- An armada of lawyers and agents ensures that Leonardo DiCaprio’s star image is maintained, explains director Henrike Sandner. (AFP / Christophe Simon)
Director Henrike Sandner researched how Leonardo DiCaprio became a star and how he makes sure that he stays that way. He gathers lawyers and agents around him and makes sure that colleagues are silent. One thing is clear: Image is important.
Patrick Wellinski: He is one of the most famous actors in Hollywood: Leonardo DiCaprio. At least since his breakthrough with James Cameron’s “Titanic” he became a world star. Above all, his later collaboration with director Martin Scorsese turned the beautiful and swarm of girls into a respected character actor – an achievement that reached its climax with the Oscar for “The Revenant”.
The arte documentary “Leonardo DiCaprio: Most Wanted!” tries to capture the star system “DiCaprio”. In interviews with companions and critics, the director Henrike Sandner dares to attempt an interpretation: What defines the art and the success of Leonardo DiCaprio? What is so fascinating about him that you decided to dedicate a documentary to him?
Henrike Sandner: Leonardo DiCaprio’s career has been going on for a very, very long time, over 30 years now. He has shaped an entire generation to this day, and this generation follows his career. It’s an exciting story.
A “Rampensau” wants to see the film
Wellinski: The story begins very early for him, he was in front of the camera as a child. What drove him to film?
Sandner: From the start he was, as they say, a little bit of a rampage. He loved entertaining others and making them laugh. This is what everyone who knew him as a child tells. He is a child of Hollywood, which is of course a very formative experience: Growing up in this world also means having a role model. He always wanted to be part of Hollywood. He’s a child of that culture.
In the 1980s, almost every child was driven to a casting at some point, and DiCaprio’s mother did that too. Leonardo DiCaprio belongs to a whole generation of young actors who appeared in films as children: Tobey Maguire, for example, his best friend, and he has already found himself in competition on casting shows. The friendship continues to this day, and Tobey Maguire has also become a great actor by now.
Wellinski: I find it exciting that you also ask directors about what was so exciting about the young Leonardo DiCaprio that they cast him. Among other things, you can hear the Polish director Agnieszka Holland, who shot “Total Eclipse” with him in America, Arthur Rimbaud’s love story. Everyone tries to describe what is true about this young actor: He is a medium, he has charisma. How would you answer the question: What made this young actor DiCaprio such a coveted object for directors, what did this young man have?
Sandner: You quoted what Agnieszka Holland said in my film. She says he was like a medium to me. Michael Caton-Jones, who made the film “This Boy’s Life” with him, says it similarly. He says you could tell him a story and he recorded it, he was like a sponge, even as a very, very young actor.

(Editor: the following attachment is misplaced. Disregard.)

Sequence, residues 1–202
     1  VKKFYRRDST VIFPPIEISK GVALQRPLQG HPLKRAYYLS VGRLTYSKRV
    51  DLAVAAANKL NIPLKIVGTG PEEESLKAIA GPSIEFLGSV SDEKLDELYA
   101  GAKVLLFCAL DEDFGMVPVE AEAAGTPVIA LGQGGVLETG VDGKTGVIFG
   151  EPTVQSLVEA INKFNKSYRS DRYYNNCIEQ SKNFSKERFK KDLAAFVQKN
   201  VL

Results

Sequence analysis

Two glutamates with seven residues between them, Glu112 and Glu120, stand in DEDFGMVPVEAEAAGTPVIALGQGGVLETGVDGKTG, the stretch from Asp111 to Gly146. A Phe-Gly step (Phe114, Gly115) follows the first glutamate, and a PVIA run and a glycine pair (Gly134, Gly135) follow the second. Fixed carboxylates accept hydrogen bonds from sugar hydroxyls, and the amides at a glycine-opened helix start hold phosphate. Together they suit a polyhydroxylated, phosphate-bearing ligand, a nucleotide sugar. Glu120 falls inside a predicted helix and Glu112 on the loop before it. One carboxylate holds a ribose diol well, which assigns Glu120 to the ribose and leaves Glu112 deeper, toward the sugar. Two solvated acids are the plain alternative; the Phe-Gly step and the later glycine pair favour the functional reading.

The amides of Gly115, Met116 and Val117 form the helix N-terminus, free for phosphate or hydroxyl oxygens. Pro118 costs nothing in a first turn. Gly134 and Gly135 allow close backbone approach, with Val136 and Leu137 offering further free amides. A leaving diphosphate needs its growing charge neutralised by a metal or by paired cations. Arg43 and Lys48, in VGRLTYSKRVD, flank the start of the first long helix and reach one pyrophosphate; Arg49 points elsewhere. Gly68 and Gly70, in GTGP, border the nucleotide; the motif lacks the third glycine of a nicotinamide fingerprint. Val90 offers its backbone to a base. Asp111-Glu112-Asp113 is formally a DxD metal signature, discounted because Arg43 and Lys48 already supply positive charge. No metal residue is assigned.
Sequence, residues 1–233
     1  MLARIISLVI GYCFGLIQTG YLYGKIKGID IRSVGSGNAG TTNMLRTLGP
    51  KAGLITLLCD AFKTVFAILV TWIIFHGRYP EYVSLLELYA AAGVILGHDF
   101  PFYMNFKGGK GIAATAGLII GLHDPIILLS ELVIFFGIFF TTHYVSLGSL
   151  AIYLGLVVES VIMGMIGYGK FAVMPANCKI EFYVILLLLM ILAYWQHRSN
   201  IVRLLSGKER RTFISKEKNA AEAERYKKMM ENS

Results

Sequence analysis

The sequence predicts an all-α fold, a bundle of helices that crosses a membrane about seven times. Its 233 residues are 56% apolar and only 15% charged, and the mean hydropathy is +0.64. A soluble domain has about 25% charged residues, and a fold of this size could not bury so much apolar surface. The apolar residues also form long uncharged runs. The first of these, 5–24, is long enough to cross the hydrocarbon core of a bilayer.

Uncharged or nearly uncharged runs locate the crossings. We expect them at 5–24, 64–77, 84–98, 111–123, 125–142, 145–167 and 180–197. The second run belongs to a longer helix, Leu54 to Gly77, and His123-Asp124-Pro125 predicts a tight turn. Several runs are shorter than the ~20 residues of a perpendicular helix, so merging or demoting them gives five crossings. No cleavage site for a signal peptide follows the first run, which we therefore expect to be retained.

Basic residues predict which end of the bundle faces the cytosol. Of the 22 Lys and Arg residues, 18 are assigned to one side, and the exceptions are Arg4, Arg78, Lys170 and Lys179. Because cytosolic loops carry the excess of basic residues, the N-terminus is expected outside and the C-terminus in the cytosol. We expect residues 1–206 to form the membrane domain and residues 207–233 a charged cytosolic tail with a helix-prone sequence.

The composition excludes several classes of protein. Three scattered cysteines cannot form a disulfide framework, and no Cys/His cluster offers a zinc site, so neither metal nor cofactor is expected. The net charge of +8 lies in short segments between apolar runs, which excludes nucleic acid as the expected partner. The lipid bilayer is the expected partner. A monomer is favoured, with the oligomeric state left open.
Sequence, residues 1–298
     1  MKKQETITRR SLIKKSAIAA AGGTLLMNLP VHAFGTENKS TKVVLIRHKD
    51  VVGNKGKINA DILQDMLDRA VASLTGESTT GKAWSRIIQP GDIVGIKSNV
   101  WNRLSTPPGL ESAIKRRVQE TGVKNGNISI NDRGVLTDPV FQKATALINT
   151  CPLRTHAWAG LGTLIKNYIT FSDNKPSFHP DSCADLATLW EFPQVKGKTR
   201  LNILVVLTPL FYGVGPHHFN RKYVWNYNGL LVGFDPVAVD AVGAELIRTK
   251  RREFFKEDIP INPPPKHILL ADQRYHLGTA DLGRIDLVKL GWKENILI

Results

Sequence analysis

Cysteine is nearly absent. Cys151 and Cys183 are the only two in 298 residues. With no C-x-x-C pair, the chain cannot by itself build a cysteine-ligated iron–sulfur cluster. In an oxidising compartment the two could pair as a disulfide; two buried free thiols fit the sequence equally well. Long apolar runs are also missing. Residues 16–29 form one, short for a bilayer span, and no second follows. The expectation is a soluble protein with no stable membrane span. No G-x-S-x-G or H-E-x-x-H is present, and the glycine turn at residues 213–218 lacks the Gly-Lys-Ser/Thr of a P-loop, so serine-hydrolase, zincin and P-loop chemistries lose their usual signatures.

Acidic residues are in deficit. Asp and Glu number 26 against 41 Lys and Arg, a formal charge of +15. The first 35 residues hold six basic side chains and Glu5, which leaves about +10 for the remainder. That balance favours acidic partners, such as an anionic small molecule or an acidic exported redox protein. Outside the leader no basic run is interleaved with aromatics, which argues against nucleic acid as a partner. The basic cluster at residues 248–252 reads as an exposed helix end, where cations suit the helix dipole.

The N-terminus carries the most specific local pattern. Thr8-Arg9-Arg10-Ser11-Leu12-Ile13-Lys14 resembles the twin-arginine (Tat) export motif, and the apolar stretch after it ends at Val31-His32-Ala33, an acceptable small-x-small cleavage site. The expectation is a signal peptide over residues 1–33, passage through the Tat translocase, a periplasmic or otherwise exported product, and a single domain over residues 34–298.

Leonardo DiCaprio has been in front of the camera since childhood. He made his debut in 1991 in the science fiction film “Critters 3 – Die Kuschelkillers are coming”. (Picture Alliance / dpa / Ipol)
At the age of 16 he worked with Michael Caton-Jones, and it shows that this very young actor can do it: Not through any acting techniques, not through a certain, learned way of acting, no, instinctively he took up this role in himself. You could give him a role and he took it in and he became that role. That then continues later in his career. But even when he was very, very young, it became clear that it worked. Scorsese also later discovered that DiCaprio’s great talent is precisely that: He will take on this role.
The Janus face of celebrities
Wellinski: The success and a celebrity of a scale that apparently got scary to him both came with “Titanic”. You describe this in your film using a scene during the Berlinale: At the world premiere of “The Beach”, this young man on the red carpet looks like a cat that is suddenly illuminated by a spotlight and runs away. Someone is afraid of success, right?
Sandner: For sure. I also love the saying Michael Caton-Jones makes: You shouldn’t be happy when heaven gives you everything you want it to be. Leonardo DiCaprio always wanted this success, and I think he expected that he would have it one day, but in the end he couldn’t really handle it. Who can do that?
Of course, that’s always a question: if you get such a huge basket of celebrities and are still so young, it can scare you. He himself once said in an interview that there was an incredible amount of fan mail, girls as well as young men wrote to him and wrote to him as if he were their best friend. They really took a piece away from him and that irritated him.